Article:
It’s Time To Evolve How The UK Procures Offshore Wind
Introducing “Mega-projects” for offshore wind will capture the maximum economic benefits of the sector, address key challenges and bolster the UK’s reputation as a policy innovation powerhouse
The UK has always been at the forefront of innovative policymaking. When the UK government introduced the Contract for Difference (CfD) in 2014 it became a world-leading model for supporting the deployment of renewables at scale, taking offshore wind from a burgeoning technology to a mature market in less than a decade.
As well as securing vital gigawatts of clean, green energy, the CfD also proved highly effective at bringing the price down rapidly year-on-year. This is to be celebrated; an apt demonstration of how government policy can mobilise private investment to provide low cost energy to consumers and create an opportunity for UK supply chain businesses.
However, while CfD auctions have been successful in ratcheting down the costs of energy from offshore wind, this incremental approach, awarding around 3-5 Gigawatts (GW) per year does not create sufficient scale to provide stable supply chain investment or an effective strategic planning backdrop. From a supply chain perspective Turbine OEMs can’t gain sufficient orders in one block to justify opening factories and scale-up businesses receive orders too late or can’t justify investments in new equipment. From a critical infrastructure perspective, strategic planning is a challenge for ports and grid when it is unclear when and where specific large deployments of offshore wind will take place with sufficient notice.
With ambitious deployment targets in place for 50GW of offshore wind by 2030, annual CfD allocation rounds alone are unlikely to deliver the full deployment that is required. With 14GW currently installed, and a recent allocation round that failed to secure any new bids for offshore wind, we must now deploy an average of 6GW per year for the rest of this decade to remain on track for Net Zero targets and secure a £100bn pipeline of projects in the process.
Against this backdrop there is a strong argument to be made for thinking bigger. Alongside the annual CfD allocation rounds, parallel “Mega-projects” could be brought in to super-charge market confidence, deployment volumes and supply chain growth.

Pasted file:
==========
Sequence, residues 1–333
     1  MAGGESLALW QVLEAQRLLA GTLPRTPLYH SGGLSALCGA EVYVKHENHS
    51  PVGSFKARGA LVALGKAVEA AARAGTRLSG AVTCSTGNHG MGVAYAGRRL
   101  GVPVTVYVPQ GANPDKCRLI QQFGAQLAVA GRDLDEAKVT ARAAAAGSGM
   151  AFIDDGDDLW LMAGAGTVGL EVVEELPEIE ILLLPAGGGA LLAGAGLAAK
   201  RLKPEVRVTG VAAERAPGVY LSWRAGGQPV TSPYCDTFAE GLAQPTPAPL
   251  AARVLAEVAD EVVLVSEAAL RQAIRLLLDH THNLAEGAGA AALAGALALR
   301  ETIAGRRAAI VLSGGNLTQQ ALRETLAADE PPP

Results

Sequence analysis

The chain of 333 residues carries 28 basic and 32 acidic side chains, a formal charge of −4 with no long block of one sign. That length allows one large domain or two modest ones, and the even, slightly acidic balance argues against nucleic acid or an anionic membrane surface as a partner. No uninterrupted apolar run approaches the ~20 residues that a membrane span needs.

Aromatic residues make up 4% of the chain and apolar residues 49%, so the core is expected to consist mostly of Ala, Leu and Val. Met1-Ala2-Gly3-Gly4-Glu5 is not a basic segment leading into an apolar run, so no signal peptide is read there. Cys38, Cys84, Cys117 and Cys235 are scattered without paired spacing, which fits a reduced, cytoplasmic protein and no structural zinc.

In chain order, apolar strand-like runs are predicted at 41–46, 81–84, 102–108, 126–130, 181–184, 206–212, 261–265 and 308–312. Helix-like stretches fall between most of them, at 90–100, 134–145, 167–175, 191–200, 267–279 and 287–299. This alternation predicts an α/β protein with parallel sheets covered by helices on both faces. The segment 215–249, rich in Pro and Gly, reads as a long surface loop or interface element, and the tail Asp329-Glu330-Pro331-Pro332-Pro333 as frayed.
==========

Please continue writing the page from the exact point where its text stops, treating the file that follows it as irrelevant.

Mega-projects could be awarded every 3-5 years for approximately 15GW of offshore wind in one go, within specified geographic deployment areas. They could unlock a wide range of benefits: for grid developments - certainty in location, and network demand; for Ports – confidence in location, contracts with users to underpin expansions (manufacturing, assembly, mustering or Operations & Maintenance); for OEM facilities – annual orders in a given region reaching the threshold of 5GW/300 turbines that triggers a requirement for new manufacturing capacity; for UK supply chain - stable backdrop for investment and runway for investment/scale up; for Science, technology and innovation – more alignment on technology challenges, more opportunities for universities and Research & Technology Organisations to partner with industry, sufficient scale to justify public/private investment in understanding and de-risking technologies and accelerating systems integration.
In short Mega-projects will create the ability to plan strategically for transformational volumes of offshore wind. The new wave of investment and job creation that comes with increased scale would be naturally drawn to our coastal communities across the country spreading economic benefit where regeneration is greatly needed. Turbine blades from Blyth, moorings from Aberdeen and cables from Pembrokeshire all suddenly become realistic future possibilities. The offshore wind sector is already forecast to support 100,000 jobs in the UK by 2030, and with Mega-projects driving investment this could be boosted further including transitioning the skills and experience from the Oil & Gas sector into long-term, green, high skill and high pay employment.
Such an undertaking would not be without its challenges. Project developers would need to work together at a scale not yet seen, forming new commercial collaborations and enduring partnerships with supply chain partners and ports. Value for money could be assured by offering a strike price in line with annual smaller CFD auctions. Uncertainty for those investing time and development money bidding into Mega-projects could be eased with the regular drumbeat of CfDs in the background acting as a safety net to catch unsuccessful bids. Mega-projects could be positioned on the East Coast, Scottish Waters and the Celtic Sea – strategically sited to unlock long-recognised potential. While there is some existing site capacity which could be pooled and leveraged to form the first Mega-projects it will also require greater coordination with the Crown Estate on leasing of sites.
The Western World is rapidly moving to a new geo-economic model, with the Inflation Reduction Act in the U.S. and Green Deal in the EU, blending Keynesian interventionist and supply-side economic approaches to bolster domestic manufacturing capabilities; the UK must find a way to respond. The beauty of Mega-projects is the limited cost to the taxpayer and maximum cost reduction for industry – “more bang for your buck” as they say across the pond. It will take significant ambition from government to take the plunge and break the consensus though, effecting an evolution in a policy platform that has stood firm for a decade. Time will tell whether the spark of policy innovation still burns brightly in the UK.
Read more on the Mega-projects concept on the ORE Catapult Website.
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